On the Drop Side of Yonder: Small-town American life remembered by a girl in the 1930s

On the Drop Side of Yonder: Small-town American life remembered by a girl in the 1930s

by Jacqueline Breniser Brunais, Andrea Brunais (Editor)

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Overview

Wonder what it was like to grow up in a small town in America during the 1930s? Whether sneaking into the train depot to surreptitiously tap out Morse code, spying on horse-drawn carriages heading for town or rolling bandages for soldiers, Jacqueline Brunais (nee Breniser) didn't miss much as she grew up in Gregory, Michigan. She describes what happened when the Ku Klux Klan came to town, the men's jawboning in her father's filling station and how her great-aunt slaughtered chickens with her two hands and a knife, exacerbating the young girl's fear of birds. Brunais describes her strange and wonderful relatives, delves into the customs and mores of the time, details her experience in a three-room schoolhouse, talks about what teens did for amusement when all they had at their disposal was (if they were lucky) a wind-up phonograph and some 78 RPM records. She offers a fascinating glimpse at small-town life, the sometimes odd behavior of the inhabitants of Gregory and the limitation imposed on girls and women at the time. Her intimate scenes of family life offer a look at the discipline of the time and the effects of an emotionally distant father on the family. The ordinary details of life are juxtaposed with the big world events of the time, creating a sense of immersion in the 1930s and 1940s.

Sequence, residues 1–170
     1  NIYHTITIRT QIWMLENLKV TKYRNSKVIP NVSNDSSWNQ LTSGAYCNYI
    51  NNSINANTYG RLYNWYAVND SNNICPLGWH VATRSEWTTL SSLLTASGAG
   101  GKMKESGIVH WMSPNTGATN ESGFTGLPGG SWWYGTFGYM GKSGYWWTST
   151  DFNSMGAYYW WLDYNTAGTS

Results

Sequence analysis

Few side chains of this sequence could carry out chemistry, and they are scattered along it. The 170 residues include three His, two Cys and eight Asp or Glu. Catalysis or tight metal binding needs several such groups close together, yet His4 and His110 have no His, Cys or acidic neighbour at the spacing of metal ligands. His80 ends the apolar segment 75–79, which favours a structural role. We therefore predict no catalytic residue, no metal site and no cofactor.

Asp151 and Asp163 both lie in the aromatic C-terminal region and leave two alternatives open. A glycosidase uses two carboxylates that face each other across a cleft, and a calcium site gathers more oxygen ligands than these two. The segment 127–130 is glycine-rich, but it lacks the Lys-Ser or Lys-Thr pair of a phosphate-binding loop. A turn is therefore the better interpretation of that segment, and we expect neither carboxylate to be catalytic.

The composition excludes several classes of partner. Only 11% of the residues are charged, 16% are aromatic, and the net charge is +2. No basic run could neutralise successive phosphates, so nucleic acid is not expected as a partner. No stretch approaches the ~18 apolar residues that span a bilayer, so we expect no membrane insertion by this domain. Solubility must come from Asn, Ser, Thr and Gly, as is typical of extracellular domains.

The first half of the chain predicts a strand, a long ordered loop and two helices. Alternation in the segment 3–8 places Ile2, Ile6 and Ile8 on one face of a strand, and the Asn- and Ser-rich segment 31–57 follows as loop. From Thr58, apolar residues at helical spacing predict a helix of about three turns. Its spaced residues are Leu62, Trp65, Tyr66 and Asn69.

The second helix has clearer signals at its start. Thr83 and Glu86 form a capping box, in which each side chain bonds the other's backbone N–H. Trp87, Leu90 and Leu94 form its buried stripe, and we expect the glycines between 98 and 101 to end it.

Product Details

ISBN-13: 9781505753028
Publisher: CreateSpace Publishing
Publication date: 01/12/2015
Pages: 102
Product dimensions: 6.00(w) x 9.00(h) x 0.24(d)

About the Author

Jacqueline Brunais, nee Breniser, was born in Gregory, Michigan, in 1927. Growing up, the shy and observant Jackie listened, rapt, to the louder storytellers in her family, gaining an ear for dialogue and an eye for detail, along with an appreciation of human foibles and an immaculate sense of pacing and drama.
She kept her eyes and ears open as the Great Depression played out during her early childhood, and she recorded her impressions of World War II in a teen-age diary. She earned a bachelor's degree and, later, after she was widowed and mother of a young son, a master's from the University of Michigan. She remarried, began a teaching career and had five more children.
Later in life, after returning to the Mount Clemens area, she was a founding member of the Write Focus group. One of the writers in the group wrote, "You give a new perspective to the trials and tribulations that beset us all," and her fellow writers encouraged her to keep telling tales.
They urged her to write more details of the exquisite characters and uproarious situations of her childhood years, such as the family dog, Pink, that sunned himself in the middle of Main Street, heedless of traffic, knowing the good citizens of Gregory would veer around him.
She once wrote: "I would give a great deal to know more about my own ancestors," adding sadly of her maternal grandmother: "I have one letter that she wrote to a girlfriend before she was married." Of her paternal grandmother, she possessed only a funeral card from 1906. Jacqueline Brunais wrote stories of her girlhood throughout the twenty years before her death in 2014. She had a defining audience in mind: those members of a future generation who might inherit her curiosity and zest for life.

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